Rain, snow, sleet ... but no weekends
Plans have been announced to end Saturday home mail delivery, and local reaction includes wonder if the U.S. Postal Service will eventually be a thing of the past.
The Postal Service made the announcement Wednesday, with plans for the change expected the week of Aug. 5.
Ed Wilson, a retired educator and member of the Vance County School board, was mailing a letter at the post office on Garnett Street in Henderson Wednesday afternoon.
He believes the expected change would be one step further to the USPS closing its doors completely.
“The Postal Service is going to be gone before long,” Wilson said. “I think this is just another stage they go through in closing down.
“They’re hurting for money. They can’t compete, and I understand that.”
Wilson remembers a time when services of the USPS were used regularly, not the case in today’s age in time.
“You look at mail, routine mail like we used to use, many people really don’t do that,” Wilson said. “They pay bills online. They use the Internet.”
William Hargrove, a resident of Kittrell, moderately uses the services of the post office and is used to limited hours being provided at the location in Kittrell.
“Our service closes at 12 noon out there anyway, out in Kittrell,” Hargrove said. “I don’t see how they’re going to save any money like that. Still, you know a penny goes up every year with the postal service, and I don’t see how they’re losing out that much.”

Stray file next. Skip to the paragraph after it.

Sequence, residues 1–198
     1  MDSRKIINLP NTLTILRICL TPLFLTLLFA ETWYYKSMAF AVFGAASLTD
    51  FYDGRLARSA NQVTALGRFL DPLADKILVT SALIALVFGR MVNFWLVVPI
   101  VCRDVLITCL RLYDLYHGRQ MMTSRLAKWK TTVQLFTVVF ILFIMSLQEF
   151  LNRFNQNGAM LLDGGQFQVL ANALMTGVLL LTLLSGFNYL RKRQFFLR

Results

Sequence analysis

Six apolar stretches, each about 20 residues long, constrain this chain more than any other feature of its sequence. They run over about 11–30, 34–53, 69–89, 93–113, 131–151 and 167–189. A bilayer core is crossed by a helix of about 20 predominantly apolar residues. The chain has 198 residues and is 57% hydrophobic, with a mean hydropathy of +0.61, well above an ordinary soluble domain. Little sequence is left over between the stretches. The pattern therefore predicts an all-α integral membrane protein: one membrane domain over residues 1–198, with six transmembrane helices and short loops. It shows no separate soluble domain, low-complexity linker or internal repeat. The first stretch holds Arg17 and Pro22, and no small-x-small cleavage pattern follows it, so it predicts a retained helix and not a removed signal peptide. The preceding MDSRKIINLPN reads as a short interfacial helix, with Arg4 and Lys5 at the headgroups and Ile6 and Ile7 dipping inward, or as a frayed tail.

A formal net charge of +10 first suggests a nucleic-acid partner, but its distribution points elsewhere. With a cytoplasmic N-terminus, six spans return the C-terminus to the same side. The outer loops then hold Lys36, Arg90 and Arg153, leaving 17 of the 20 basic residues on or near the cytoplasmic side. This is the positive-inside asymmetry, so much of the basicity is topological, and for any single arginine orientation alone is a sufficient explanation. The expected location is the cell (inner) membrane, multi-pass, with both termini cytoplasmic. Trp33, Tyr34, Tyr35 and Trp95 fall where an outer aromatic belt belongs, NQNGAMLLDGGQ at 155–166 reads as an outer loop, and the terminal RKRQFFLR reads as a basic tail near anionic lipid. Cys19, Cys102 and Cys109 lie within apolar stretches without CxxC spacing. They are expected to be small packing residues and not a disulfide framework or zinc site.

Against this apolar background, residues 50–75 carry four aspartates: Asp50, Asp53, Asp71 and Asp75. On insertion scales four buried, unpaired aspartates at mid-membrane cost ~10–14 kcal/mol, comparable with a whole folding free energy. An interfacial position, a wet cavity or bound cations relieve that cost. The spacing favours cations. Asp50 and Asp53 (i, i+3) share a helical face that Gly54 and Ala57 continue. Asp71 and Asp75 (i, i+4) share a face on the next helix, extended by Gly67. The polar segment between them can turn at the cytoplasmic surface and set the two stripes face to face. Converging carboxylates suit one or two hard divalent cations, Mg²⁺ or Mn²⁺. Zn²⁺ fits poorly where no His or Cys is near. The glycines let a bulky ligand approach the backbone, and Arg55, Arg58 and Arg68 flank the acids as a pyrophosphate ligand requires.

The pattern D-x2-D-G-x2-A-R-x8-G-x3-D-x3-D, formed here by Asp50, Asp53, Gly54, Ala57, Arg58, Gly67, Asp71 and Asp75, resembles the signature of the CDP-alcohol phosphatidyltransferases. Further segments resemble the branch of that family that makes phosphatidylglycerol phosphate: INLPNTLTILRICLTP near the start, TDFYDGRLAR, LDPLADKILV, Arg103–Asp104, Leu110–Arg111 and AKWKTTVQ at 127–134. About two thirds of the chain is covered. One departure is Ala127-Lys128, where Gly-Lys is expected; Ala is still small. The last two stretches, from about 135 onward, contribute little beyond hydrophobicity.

Business owners at two locations in downtown Henderson also feel they will not suffer after the expected postal service cutback.
“We’ll see what happens. They’re in debt, so I’m sure they have to do something like us all, find ways to balance the ledger,” said Hal Stallings, owner at Grissom’s Shoe Shop on Garnett Street. “It’s not going to be a big thing for me.
“We don’t ship a whole lot here, so it wouldn’t affect me here at the shop at all, other than they usually deliver mail on Saturday.”
Mike Wood, owner at Re-fabulous Furniture and Variety Shop on Garnett Street, says he receives very limited mail at his business and will remain unaffected by any delivery changes.
“I get about one piece of mail per month, and that’s an advertisement thing or something from the town, they’ll ship it to this address,” Wood said. “Saturday doesn’t make any difference to me. If Friday stopped it would be fine with me. I don’t care.
“I don’t do any business on Saturday.”
The Postal Service reported debt at $15.9 billion last year.
Letters and other mail would continue to be delivered to post office boxes on Saturdays, but to homes and businesses from Monday to Friday only.
Postmaster General and CEO Patrick R. Donahoe, at a press conference announcing the changes, said the cutback could begin as soon as August and save billions of dollars each year.
“The service expects the Saturday mail cutback to begin the week of Aug. 5 and save about $2 billion annually,” said Donahoe.
According to CCN the U.S. Postal Service is banned from borrowing money after they reached the $15 billion debt limit, as capped by Congress, in September of 2012.
In recent years the struggling USPS has relied on borrowing billions in taxpayers dollars, but now is limited to borrowing from the U.S. Treasury, as opposed to private banks.
Given the number of resources providing instant contact online, more and more people are cutting back on the much slower services of the Postal Service, referred to by many as “snail mail.”
Now instead of dealing with pages and pages of paper mailed in an online banking statement people are using their ever-handy computers to view a bank statement online. The same is true for paying bills. Payment can be processed online immediately with an email confirmation allowing for paper free billing.
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